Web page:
- The Gandhinagar Implementation Roadmap for Land Restoration, which provided a framework for scaling up land restoration efforts to combat desertification, land degradation and drought, and to enhance ecosystem services, biodiversity and livelihoods.
- The Jaipur Call for Action to Enhance MSMEs Access to Information, which proposed measures to improve the availability and quality of information on micro, small and medium enterprises (MSMEs), especially women-owned and youth-led MSMEs, to facilitate their access to finance, markets, technology and skills.
Climate change is a worldwide challenge
The G20 came out in favour of the “Green Development Pact for a Sustainable Future.”
They reaffirmed their commitment to the implementation of the Paris Agreement. They also agreed to enhance their nationally determined contributions (NDCs) by 2025 in line with the global goal of limiting the temperature rise to well below 2°C above pre-industrial levels, and pursuing efforts to limit it to 1.5°C.
The leaders also called on developed countries to meet their climate finance commitment of mobilising $100 billion per year, setting up a new collective quantified goal beyond 2025.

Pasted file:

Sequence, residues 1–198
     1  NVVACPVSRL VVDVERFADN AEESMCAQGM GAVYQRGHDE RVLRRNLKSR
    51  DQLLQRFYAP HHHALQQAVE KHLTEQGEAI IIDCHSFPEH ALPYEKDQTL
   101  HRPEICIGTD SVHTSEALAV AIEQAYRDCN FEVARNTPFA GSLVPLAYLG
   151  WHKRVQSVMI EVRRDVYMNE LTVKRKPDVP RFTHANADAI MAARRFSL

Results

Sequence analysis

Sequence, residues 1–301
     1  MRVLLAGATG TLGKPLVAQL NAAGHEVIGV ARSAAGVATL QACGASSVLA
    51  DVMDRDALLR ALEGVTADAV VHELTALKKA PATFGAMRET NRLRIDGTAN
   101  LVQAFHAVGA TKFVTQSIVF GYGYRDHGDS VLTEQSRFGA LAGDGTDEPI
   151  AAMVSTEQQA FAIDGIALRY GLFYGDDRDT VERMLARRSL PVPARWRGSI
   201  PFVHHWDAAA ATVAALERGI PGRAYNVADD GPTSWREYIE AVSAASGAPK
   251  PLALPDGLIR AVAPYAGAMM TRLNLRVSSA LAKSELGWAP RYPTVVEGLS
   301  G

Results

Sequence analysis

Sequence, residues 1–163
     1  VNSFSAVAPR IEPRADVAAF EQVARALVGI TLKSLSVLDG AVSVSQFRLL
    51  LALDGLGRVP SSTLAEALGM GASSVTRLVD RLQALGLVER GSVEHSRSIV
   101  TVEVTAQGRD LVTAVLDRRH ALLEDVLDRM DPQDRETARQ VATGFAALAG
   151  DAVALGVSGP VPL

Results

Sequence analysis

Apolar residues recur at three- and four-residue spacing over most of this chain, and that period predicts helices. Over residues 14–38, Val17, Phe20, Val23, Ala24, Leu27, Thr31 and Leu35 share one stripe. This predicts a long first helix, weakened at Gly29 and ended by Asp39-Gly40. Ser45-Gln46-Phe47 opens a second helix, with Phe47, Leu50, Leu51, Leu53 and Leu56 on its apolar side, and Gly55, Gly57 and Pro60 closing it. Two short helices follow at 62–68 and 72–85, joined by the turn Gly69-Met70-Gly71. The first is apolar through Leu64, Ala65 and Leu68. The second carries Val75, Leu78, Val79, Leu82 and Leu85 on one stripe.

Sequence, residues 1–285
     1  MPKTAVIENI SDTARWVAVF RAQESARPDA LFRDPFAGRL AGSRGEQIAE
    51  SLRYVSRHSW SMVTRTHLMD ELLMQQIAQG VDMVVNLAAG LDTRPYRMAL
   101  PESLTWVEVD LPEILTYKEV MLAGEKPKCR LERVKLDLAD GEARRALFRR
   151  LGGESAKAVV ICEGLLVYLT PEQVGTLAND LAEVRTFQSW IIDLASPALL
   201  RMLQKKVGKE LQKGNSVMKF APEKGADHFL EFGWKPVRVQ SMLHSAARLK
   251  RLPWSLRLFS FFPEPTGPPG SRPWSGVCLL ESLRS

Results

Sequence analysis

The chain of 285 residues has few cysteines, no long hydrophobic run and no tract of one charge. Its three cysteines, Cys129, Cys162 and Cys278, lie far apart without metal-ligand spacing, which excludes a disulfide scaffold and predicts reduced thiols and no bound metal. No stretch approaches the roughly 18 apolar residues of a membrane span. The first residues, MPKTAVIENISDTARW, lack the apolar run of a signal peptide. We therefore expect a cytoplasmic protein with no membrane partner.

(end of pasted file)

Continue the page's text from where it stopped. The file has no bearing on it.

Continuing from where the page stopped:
Several action plans were approved to combat climate change. Among them, the New Delhi Action Plan on Climate Change Adaptation (CCAP), providing a comprehensive framework for enhancing adaptation action at all levels, with a focus on vulnerable groups, communities and ecosystems and the Mumbai Initiative on Disaster Risk Reduction (DRR), which proposed measures to strengthen DRR governance, capacities, investments and partnerships, in line with the Sendai Framework for DRR 2015-2030, are notable.
One of the less discussed but vital accomplishments, from the Indian standpoint, was the interest in India’s digital infrastructure. United Payments Interface (UPI), which has crossed a stunning 10 billion transactions in August 2023, evinced the interest of some 20-25 countries, especially in the developing world, looking to adopt it. This can be a game changer.
In the days to come, its concrete impact will become much more evident, but one thing is incontrovertible: the G20 summit was a huge success and a feather in India’s diplomatic and geostrategic cap.
Makarand R. Paranjape is a Professor of English at the Jawaharlal Nehru University. Source: Gulf News